Breaking a cookie habit can be difficult, as it is addictive. There can also be an underlying desire to be nurtured or enjoy life better, and people make an effort to do that through the use of stimulating foods - whether they realize it or not. However, after this temporary high, then comes the low, hence the cycle.
Breaking an addiction is difficult, but not impossible. Do not run away from 'difficult.' Just like you have to use your muscles for them to be strong, so it is with will power. I think that addictive habits carried out frequently overtime, along with their subsequent weakening effects on the body, can weaken will power and self-confidence. The 'low' feelings in one area of life can get carried over to other areas that you wouldn't assume would occur.
If this is going on with you, I'd highly suggest looking into what else makes you happy and excited, and focus on those things. If you don't have any, it's time to start trying new activities. That may mean getting out of your house :-O or it could mean starting to read. Also, take time to figure out how to nurture yourself in other ways. Perhaps this means a 20 minute bath once per week, or every night if it makes you smile. Perhaps this means standing up for yourself in every day life. A psychologist or counselor can really help on the emotional and mental aspects of breaking cookie habits. For some people, breaking a habit like this is easy, for others not so much, and it may take going deeper into your own psychology to figure out why. Mental instability is not a prerequisite for seeking psychological help. If more 'mentally healthy' individuals went to psychologists and counselors, we'd all be better off.
For some of you, creating your own cookies with low glycemic sweeteners AND making them less sweet than the varieties in the store can create a major shift. If you do this for a while and then go back to the store brands, you may notice more negative effects from it than you did before, and actually feel its addictive effects setting in again. Thus, not going back would be the better choice here! :) One word of caution: If you start making your own, make them in very small batches. Most recipes usually create about 10-20 cookies. Depending on how addicted you are, having 10-20 cookies in front of you is not a good idea, even if they are less sweet. For some of you, this strategy is not best because you will constantly create and binge on your own cookies. But this is why I say to make them less sweet. You will probably still notice a shift, but be careful here.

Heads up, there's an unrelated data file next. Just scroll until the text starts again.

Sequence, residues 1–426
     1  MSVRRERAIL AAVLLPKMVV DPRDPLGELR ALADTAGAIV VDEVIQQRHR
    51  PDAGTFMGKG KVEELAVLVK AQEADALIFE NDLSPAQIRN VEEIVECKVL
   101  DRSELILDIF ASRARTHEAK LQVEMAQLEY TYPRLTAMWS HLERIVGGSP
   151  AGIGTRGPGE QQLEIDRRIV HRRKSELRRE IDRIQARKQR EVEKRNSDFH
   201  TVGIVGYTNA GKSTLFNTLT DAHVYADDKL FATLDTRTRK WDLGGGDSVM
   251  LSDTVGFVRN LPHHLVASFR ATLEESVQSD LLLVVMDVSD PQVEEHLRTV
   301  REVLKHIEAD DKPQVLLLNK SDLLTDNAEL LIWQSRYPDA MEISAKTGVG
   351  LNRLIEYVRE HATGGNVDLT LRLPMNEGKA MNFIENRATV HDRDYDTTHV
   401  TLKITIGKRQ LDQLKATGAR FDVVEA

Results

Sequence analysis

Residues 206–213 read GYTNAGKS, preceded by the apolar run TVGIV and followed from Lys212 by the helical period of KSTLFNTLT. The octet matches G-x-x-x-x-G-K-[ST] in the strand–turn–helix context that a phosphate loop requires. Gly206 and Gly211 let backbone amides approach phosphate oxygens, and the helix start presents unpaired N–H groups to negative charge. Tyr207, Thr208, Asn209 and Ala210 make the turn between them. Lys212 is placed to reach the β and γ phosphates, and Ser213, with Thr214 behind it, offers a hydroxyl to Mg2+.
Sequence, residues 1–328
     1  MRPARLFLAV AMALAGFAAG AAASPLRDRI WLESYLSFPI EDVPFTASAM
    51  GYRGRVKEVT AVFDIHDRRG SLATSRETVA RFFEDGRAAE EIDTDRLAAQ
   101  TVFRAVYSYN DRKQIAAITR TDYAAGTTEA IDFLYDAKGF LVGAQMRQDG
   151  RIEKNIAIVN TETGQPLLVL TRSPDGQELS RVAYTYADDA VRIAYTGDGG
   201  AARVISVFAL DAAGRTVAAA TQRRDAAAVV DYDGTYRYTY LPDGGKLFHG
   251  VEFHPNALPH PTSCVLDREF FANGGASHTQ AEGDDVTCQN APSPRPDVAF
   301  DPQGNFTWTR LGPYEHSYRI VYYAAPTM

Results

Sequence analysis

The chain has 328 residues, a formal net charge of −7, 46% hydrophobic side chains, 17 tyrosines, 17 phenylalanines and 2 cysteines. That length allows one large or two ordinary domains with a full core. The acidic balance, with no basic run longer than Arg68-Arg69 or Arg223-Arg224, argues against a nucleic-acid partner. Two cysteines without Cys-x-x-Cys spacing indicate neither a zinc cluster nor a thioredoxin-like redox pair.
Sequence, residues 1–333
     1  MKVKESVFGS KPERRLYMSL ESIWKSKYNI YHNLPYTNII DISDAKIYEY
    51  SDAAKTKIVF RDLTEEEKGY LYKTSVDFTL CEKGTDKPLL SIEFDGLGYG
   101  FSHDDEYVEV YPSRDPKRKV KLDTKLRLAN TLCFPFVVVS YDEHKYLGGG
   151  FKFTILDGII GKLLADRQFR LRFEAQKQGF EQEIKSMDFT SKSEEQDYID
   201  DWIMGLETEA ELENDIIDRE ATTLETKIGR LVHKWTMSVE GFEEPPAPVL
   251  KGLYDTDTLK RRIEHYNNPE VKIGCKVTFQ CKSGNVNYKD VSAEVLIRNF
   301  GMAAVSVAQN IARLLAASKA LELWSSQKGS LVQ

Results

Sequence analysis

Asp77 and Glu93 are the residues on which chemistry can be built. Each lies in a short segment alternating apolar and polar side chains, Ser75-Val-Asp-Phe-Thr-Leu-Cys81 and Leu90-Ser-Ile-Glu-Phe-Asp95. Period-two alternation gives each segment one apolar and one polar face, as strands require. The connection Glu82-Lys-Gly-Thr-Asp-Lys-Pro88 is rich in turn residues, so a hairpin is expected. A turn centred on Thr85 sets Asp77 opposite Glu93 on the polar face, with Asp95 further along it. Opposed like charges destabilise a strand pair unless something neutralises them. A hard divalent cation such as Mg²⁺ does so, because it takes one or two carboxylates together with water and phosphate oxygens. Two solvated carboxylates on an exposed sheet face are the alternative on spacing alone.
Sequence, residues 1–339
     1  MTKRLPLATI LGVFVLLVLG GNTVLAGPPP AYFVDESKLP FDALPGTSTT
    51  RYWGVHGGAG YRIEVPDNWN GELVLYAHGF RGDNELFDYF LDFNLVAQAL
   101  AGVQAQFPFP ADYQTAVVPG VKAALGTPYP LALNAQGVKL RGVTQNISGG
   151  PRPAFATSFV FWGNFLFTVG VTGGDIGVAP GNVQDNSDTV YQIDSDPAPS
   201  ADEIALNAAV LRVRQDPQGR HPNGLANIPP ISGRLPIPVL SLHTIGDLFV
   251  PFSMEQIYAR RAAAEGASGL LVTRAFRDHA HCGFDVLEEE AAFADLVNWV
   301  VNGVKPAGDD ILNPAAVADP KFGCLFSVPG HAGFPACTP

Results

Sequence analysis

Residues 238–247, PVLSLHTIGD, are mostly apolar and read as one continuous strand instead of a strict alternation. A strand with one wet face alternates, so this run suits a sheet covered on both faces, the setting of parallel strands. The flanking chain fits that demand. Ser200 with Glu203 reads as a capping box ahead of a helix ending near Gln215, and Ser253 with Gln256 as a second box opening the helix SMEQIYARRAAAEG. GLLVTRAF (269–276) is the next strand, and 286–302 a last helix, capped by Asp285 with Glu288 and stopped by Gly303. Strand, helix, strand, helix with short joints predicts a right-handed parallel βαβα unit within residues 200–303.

And here's another idea. Kroger sells their own brand of Gluten free cookies now under the brand name 'Simple Truth.' They come about 5 large cookies in a pack. They were closer to the bakery section of the store I went to versus near the gluten free section. I like this because it helps you to focus on eating less cookies. One thing I'd like you to always do if you go this route: only buy 1 pack at a time.
This concept is why I'd also suggest for other sweet foods that you buy them from an actual baker versus buying them in a pack at the store. For instance, cupcakes usually come about 4 in a pack, whereas with a baker, you can just get one if you like, which helps reduce binges. Plus, bakers may be baking from scratch (or at least a little closer to it) and the product you buy was likely made that morning. Thus, it is more fresh, and it's likely that there are less chemicals in the final product. You will pay more, but you can also use that to your mental advantage if you think about it.
The sweet(s) you are addicted to may in fact be something that is considered 'healthy' by other people and establishments. It doesn't matter if it is considered healthy. If you are addicted, then it's not for you. Let it go. Acknowledge what your body is telling you at this time of your life. It is trying to help you. 'But I wasn't addicted to it like this before, why has it changed?' There are different reasons for that, but having that question unanswered shouldn't promote continued eating of a food that now causes more destruction for you than benefit.
If you've made some progress, there is a sweet around you, and you think you can eat it without becoming addicted again - in other words you can 'take it' - it may be wiser to not listen to that voice, and just keep avoiding. I mean, what are you really gaining by eating it anyway? Nutrition is the priority of eating when it comes to what the body gains from it. And if it is something 'healthy' that is high in certain nutrients, those nutrients can usually be obtained from other foods. Long term stabilization of emotions can be achieved and maintained by consistently eating a healthy non-addictive diet.
Yes, try again. And always try with the possibility in mind that YOU can overcome cravings.